As adults, we know the importance of sleep and how bad we feel when we don’t get enough of it. But kids don’t quite get this and are constantly engaged in a battle with their parents to be up later and sleep less. While giving in to them and letting them have the odd late night isn’t going to have a serious impact, consistently not getting enough sleep has been connected with a number of other problems as well as declining results at school. But are your kids getting enough sleep?
Importance of sleep on education
Everyone needs a different amount of sleep and the activities of the day can also have an effect on this. There are also two types of sleep – NREM and REM. NREM sleep, or non-rapid eye movement is also called quiet sleep and this is where the energy levels are restored, the body works on any repairs that are needed and the hormones controlling growth and development are sent out into the body. The other type, REM or rapid eye movement sleep is known as active sleep – this is the time when we dream and our brains are active but at the same time, our bodies are immobile with both breathing and heart rates being irregular.
A baby spends around half of their sleep times in each of these states and each sleep time is around 50 minutes long. By the age of six months, REM sleep accounts for around 30% of the sleep time and by preschool age, this sleep time reaches around 90 minutes at a time.
As a general rule, for the first two months of life, a baby needs anywhere from 10 to 18 hours sleep a night. From two to twelve months, this levels out to 14-15 hours and between one and three years, this falls to 12-14 hours. Once they reach three to five years, around 12 hours is about right while in junior school years from five to twelve, 10 or 11 hours will normally suffice.
Sleep becomes even more important when kids reach school age. A good night’s sleep ensures they can pay better attention at school, be more creative and even come up with new ideas in class. They will be better at solving problems and more sociable with other kids and adults. They can even fight off illness better. On the turn side, if they don’t sleep enough, they are liable to forget what they learn, be bad tempered and lack the energy to play games or sports. They won’t have any patience with others and their attention span will suffer.
One of the big tips for a good night sleep for younger kids is to have a good sleep routine. This means that kids know what to expect, what is going to happen and when they will be going to sleep. One example from the Sleep For Kids website is along the lines of:
- Have supper, a light snack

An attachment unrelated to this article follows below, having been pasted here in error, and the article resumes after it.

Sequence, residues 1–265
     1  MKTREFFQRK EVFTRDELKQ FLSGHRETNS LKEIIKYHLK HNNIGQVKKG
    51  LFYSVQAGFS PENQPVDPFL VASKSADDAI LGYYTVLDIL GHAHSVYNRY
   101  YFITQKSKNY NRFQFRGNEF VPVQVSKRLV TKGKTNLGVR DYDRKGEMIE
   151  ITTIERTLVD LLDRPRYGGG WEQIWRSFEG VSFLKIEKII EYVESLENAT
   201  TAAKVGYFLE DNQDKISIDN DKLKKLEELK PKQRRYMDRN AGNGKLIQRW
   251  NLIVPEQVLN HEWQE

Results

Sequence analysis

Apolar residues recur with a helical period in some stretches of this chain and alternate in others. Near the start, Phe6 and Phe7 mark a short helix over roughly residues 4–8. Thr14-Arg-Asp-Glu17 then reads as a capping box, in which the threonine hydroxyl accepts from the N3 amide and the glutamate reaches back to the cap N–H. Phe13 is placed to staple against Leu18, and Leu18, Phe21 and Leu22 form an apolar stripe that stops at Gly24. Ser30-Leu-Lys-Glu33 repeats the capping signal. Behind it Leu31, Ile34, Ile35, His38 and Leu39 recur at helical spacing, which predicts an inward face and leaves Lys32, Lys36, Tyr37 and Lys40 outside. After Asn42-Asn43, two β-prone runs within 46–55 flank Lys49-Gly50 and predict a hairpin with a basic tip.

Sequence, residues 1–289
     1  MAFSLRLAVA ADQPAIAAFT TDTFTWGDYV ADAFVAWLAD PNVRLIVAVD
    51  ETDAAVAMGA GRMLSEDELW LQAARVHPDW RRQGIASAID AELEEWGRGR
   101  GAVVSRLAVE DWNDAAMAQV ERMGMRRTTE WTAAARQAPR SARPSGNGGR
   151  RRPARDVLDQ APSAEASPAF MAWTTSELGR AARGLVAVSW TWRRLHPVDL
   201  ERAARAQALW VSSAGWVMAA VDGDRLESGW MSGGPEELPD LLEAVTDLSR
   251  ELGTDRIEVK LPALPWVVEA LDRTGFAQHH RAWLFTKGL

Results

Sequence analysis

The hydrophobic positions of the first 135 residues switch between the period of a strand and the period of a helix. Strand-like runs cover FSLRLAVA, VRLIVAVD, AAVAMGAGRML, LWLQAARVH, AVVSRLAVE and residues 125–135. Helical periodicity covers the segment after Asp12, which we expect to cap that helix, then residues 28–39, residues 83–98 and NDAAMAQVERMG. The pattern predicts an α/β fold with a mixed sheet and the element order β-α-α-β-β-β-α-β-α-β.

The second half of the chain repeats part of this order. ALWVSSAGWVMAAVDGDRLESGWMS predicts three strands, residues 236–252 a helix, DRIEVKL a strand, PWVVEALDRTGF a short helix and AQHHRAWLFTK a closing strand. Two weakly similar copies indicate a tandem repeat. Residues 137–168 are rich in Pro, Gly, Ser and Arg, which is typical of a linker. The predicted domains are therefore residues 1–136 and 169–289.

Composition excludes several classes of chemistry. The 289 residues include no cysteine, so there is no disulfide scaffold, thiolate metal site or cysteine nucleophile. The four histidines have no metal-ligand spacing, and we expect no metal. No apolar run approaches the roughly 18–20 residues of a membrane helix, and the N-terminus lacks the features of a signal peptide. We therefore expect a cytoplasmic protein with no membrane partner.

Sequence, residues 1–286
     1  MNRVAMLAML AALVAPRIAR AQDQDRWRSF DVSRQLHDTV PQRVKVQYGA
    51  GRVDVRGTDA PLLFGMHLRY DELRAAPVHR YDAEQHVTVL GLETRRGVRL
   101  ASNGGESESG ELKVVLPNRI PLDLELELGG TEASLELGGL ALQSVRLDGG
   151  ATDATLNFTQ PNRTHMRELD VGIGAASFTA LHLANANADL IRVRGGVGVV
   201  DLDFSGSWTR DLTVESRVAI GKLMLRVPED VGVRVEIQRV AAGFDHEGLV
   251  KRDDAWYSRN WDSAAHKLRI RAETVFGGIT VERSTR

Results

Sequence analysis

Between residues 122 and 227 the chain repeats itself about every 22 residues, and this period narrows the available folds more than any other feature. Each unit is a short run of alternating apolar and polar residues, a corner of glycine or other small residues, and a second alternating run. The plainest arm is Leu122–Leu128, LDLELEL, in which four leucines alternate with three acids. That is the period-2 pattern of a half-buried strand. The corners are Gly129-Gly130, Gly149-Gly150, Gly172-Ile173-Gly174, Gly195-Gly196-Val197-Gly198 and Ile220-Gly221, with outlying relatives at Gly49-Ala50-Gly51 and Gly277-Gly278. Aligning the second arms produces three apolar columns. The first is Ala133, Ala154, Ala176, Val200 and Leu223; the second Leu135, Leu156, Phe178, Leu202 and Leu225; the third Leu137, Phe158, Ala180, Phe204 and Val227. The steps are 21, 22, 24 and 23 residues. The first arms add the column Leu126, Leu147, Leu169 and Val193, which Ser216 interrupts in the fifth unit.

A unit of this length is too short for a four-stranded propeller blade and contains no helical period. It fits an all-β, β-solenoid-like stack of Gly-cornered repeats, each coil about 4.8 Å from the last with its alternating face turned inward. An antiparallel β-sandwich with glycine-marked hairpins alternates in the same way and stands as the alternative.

- Take a bath or shower then put in pyjamas or other sleepwear
- Brush teeth
- Read a story in a room that is quiet and at a comfortable temperature
- Put the child into bed, say goodnight and leave the room
Repeat this routine each night and avoid watching TV or videos just before they go into the routine. This is shown to make going to sleep more difficult so ensure they do something non-stimulating before bed.
Don’t use bed as a negative, telling them they are going to bed if they don’t do or stop doing something – this makes going to bed a bad thing and will make them want to find ways not to do it. Also, try to show that everyone in the house is getting ready for bed as kids often want to stay up for fear of missing out on something. If they think everyone else is getting ready for bed, this can lessen the urge to find ways to stay downstairs and awake.
Some myths about sleeping are also examined on the website. These include that you should wait until your child is fully asleep before leaving the room – in fact, the best time is when they are drowsy. Also, if you go to the room every time they wake, this encourages the connections between sleeping and your presence, meaning they won’t be able to go to sleep without you present. Similarly, getting into bed with them for them to doze off is another bad idea as it also creates a connection in their minds. Another idea is that a nap stops them sleeping at night but in children under two, this isn’t the truth as a nap can actually help them sleep at night as they are a little less tired.
As much as one third of junior age kids experience a sleep disorder of some form and there are clear signs to watch for. Nightmares are one of the most common and happen most frequently at times of stress or change in their lives. They happen late at night and can be remembered the next day but usually stop naturally. Talking about the nightmare can help dispel it as can avoiding TV before bed.
Sleep terrors or sleepwalking is most common from the age of four to eight. These happen early at night and often kids have no memory of it the next day. Waking them doesn’t always help but making sure the room is safe is important so that they don’t hurt themselves.
Sleep apnoea is a more serious condition that sees children pause their breathing while asleep. Signs include snoring loudly, restless sleep and being tired during the day. A range of problems can cause it including allergies, weight problems, enlarged tonsils or adenoids. If you think your child may suffer with this, speak to your doctor.
Narcolepsy tends to appear in puberty but as young as ten years old. These kids experienced excessive daytime sleepiness and ‘sleep attacks’ where they fall asleep uncontrollably. Again, if you think you child may suffer with this condition, speak to your doctor for advice.
Image by John Doe